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Michael Penix Jr. and Peyton Ramsey display talents during IU football spring game


Redshirt sophomore quarterback Peyton Ramsey runs the ball during the IU spring game Saturday in Mellencamp Pavilion. Ramsey threw for 156 yards and 3 touchdowns against Florida International Saturday. Bobby Goddin Buy Photos

Despite the changing circumstances surrounding IU's spring game Saturday in Mellencamp Pavilion, the focus was kept on the on-field action. 

The change in location from Memorial Stadium to IU's indoor facility, announced just one day before the game, made distractions a possibility. 

However, IU's quarterbacks, wearing blue jerseys distinguishing them from other players on the cream and crimson teams, remained one of the key focus points for IU Coach Tom Allen and those in attendance. 

IU's starting quarterback job is an open competition. The frontrunners are graduate transfer Brandon Dawkins, sophomore Peyton Ramsey and freshman Michael Penix Jr.

Dawkins announced his decision to come to Bloomington a week ago, but was not in action during the spring game. This allowed Penix, on the cream team, and Ramsey, on the crimson team, to take center stage.

"I think being out here and actually getting to play out these situations was really helpful for us," Ramsey said. "We didn't show a lot, we didn't do a lot, stuck to our base stuff. It was good to see us execute at a high level doing our simple, basic stuff."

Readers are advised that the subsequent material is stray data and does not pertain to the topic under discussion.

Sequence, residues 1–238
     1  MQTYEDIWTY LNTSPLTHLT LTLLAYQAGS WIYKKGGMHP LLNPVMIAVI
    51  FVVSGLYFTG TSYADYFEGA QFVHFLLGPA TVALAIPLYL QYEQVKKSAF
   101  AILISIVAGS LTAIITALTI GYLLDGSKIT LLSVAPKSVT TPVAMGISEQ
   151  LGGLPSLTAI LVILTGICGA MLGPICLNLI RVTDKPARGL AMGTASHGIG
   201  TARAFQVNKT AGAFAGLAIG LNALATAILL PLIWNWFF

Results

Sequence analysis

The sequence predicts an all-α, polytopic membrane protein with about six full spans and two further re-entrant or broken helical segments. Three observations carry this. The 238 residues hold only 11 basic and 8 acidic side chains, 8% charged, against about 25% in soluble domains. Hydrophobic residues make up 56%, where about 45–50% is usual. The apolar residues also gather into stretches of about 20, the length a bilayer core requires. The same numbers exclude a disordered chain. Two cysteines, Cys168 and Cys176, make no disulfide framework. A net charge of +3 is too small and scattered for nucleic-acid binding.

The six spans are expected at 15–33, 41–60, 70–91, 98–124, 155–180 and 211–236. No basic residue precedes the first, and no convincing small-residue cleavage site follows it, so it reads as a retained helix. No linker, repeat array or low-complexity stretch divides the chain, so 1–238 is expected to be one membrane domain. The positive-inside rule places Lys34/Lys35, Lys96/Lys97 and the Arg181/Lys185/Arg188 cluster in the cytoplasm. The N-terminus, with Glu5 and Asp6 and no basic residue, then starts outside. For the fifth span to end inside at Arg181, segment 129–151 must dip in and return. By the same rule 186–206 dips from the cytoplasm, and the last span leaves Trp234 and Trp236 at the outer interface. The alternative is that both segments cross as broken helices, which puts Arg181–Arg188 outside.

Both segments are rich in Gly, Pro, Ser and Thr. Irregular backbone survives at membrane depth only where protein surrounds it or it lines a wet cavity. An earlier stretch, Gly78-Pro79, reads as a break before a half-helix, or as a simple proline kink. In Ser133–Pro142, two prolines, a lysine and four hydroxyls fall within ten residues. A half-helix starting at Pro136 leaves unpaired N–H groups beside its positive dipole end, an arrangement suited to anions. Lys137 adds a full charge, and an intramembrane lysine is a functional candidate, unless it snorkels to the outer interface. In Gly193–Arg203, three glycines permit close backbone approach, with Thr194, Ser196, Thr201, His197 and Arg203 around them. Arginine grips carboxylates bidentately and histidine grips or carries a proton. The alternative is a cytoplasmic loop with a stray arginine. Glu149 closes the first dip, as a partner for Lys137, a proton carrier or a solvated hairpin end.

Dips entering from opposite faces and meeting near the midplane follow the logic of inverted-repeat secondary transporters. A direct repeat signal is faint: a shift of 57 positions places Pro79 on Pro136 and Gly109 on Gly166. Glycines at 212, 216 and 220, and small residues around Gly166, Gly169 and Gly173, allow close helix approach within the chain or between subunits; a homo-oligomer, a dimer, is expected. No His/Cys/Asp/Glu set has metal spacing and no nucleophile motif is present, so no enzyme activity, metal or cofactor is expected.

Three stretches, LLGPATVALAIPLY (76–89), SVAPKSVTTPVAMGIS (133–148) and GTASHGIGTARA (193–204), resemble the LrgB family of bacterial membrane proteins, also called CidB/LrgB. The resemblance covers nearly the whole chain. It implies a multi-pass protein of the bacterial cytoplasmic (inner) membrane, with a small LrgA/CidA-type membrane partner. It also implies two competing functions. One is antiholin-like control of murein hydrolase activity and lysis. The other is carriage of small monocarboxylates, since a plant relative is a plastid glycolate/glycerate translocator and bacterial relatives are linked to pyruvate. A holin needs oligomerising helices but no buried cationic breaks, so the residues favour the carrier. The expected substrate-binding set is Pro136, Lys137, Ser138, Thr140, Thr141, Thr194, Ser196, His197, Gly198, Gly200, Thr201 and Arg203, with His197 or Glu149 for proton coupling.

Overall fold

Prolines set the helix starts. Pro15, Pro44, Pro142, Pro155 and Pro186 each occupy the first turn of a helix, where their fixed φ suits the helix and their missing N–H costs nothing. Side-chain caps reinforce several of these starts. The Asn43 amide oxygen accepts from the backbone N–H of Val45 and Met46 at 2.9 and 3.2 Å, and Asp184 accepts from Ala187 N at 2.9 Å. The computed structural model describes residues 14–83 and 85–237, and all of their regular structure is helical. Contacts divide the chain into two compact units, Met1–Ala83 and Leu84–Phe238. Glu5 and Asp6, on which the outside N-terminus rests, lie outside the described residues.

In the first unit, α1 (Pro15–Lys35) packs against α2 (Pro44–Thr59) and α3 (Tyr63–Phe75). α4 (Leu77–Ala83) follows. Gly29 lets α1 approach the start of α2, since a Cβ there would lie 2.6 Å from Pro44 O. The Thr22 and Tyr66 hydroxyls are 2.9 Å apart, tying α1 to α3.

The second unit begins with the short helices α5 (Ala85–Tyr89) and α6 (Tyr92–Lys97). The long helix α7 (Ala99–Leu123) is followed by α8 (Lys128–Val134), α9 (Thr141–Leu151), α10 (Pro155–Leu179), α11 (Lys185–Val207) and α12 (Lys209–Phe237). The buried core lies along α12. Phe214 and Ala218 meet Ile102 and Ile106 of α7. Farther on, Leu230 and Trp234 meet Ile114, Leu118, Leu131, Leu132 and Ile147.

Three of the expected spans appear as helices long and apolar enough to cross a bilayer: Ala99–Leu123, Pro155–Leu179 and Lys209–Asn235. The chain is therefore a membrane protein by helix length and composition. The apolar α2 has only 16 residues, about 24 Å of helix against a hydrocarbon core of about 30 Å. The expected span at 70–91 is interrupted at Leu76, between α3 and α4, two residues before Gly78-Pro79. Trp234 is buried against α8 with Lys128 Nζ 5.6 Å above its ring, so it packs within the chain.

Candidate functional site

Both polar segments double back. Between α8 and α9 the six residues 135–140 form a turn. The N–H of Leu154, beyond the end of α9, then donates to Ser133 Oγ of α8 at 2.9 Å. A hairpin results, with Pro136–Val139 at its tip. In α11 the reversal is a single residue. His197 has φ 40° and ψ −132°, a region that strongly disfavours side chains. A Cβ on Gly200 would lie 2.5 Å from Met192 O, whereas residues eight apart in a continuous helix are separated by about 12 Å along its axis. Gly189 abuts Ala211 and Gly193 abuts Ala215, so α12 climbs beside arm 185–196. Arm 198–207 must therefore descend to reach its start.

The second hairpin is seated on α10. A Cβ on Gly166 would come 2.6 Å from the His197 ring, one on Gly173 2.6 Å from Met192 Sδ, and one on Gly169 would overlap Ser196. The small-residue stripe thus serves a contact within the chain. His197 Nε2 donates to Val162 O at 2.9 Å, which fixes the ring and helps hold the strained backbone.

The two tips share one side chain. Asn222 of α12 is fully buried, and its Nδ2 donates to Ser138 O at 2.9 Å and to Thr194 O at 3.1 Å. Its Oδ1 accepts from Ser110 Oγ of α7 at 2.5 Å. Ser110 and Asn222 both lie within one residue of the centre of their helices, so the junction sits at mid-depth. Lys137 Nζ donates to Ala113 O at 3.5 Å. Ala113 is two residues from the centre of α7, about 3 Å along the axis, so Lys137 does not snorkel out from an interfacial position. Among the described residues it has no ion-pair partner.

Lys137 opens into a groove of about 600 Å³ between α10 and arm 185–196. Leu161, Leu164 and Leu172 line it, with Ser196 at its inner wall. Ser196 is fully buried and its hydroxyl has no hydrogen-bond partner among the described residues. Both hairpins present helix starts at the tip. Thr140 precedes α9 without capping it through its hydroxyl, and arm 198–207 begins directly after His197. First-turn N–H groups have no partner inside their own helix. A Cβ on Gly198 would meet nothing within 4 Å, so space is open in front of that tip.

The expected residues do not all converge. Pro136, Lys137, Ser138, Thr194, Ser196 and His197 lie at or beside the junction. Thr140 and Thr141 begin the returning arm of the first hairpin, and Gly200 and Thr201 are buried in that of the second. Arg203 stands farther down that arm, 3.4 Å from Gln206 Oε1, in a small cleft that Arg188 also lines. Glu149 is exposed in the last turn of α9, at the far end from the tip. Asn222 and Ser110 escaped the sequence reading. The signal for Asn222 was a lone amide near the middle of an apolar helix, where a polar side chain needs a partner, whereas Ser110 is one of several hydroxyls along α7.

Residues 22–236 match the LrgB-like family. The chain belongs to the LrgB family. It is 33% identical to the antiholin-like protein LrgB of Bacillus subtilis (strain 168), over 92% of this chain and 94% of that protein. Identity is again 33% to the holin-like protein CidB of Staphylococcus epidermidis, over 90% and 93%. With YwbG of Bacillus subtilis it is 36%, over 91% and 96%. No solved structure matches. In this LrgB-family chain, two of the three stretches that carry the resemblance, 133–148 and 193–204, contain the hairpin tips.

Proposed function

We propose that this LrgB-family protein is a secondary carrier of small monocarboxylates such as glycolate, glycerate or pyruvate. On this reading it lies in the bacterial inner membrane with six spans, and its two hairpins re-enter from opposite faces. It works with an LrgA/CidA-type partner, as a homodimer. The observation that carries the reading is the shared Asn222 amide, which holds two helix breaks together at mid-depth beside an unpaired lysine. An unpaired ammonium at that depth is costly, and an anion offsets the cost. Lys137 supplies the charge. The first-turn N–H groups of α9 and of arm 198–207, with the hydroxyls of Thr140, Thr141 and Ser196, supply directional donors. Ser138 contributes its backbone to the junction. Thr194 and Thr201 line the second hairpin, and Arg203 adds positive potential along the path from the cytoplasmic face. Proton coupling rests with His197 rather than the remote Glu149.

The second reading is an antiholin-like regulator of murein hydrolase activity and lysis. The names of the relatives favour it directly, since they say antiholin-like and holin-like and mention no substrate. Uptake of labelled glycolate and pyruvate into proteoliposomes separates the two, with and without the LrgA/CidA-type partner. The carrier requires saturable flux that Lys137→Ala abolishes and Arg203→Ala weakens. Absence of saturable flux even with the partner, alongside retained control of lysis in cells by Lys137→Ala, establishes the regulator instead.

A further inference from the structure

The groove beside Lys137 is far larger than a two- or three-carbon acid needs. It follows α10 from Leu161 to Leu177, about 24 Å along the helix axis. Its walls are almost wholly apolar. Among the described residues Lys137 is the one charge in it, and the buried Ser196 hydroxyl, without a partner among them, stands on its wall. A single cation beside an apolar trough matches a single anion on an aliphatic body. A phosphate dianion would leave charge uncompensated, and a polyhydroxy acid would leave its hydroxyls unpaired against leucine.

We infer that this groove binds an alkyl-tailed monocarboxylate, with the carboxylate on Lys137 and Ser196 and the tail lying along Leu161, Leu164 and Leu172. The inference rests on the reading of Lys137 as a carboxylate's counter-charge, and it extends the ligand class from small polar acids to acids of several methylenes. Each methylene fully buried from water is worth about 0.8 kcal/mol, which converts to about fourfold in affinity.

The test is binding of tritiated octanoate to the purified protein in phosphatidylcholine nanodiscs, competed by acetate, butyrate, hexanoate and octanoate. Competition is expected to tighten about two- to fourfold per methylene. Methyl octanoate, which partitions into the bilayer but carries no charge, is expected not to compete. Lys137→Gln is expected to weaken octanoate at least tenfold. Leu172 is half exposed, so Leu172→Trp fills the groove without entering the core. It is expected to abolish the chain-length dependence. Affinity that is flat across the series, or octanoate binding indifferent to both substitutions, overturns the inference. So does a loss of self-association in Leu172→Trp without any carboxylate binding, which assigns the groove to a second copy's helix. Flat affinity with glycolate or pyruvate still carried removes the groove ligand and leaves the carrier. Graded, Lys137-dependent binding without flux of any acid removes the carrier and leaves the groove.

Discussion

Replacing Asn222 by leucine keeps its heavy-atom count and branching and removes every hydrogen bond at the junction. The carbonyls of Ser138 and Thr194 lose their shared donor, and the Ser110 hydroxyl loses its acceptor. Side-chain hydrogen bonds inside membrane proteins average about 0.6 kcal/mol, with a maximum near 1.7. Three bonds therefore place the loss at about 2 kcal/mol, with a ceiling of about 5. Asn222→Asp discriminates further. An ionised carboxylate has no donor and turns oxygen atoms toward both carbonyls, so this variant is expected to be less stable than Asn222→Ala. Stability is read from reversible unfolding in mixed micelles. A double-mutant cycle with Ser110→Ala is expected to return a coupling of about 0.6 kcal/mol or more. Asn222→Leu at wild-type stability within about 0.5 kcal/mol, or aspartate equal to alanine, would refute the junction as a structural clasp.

The Crimson team's 37-28 victory after two, 12-minute quarters was notable not for the end result, but for what Penix and Ramsey displayed in live game situations. Allen said he has been impressed with both players during spring practice.

Ramsey started four games for IU last season while Penix, a left-handed quarterback, enrolled early at IU for the spring semester after spending two years as a starter at Tampa Bay Tech High School in Tampa, Florida. 

The spring game showed off the mobility of both quarterbacks. Almost all snaps were taken out of the shotgun formation and read-option plays were run with IU's available running backs.

"Improve as a team and myself as an individual," Penix said about what he wanted to gain from the spring game. "That's the main thing, improvement."

In similar fashion to the connection Ramsey developed with senior wide receiver Luke Timian last season, Penix frequently found sophomore wide receiver Whop Philyor on Saturday.

"It wasn't too much different because we scrimmage every Saturday," Penix said. "As far as the difference, it wasn't too much." 

Penix displayed his strong arm strength, targeting receivers downfield. On a particular play, Penix forced senior safety Jonathan Crawford into a pass interference penalty when he threw a deep pass intended for Philyor. However, Penix was also more inaccurate than Ramsey during those two quarters.

Ramsey used his legs far more than Penix, scoring a 55-yard rushing touchdown to open the scoring for the Crimson team.

"I want guys that I can trust. I want guys that are tough. I want guys that are dependable, and that to me defines Peyton Ramsey," Allen said. "That's a young man that's going to help this football team win a bunch of games. Whatever that role may be, he may be the starter, and I know that's what he wants, but the bottom line is he has all those intangibles that you want in a young man."

The battle for the starting job will continue into the summer, giving each of Dawkins, Penix and Ramsey opportunities to prove why they should be the man under center for IU next season.

"You're only as good as your quarterback on offense," Allen said. "We know that position is critical."

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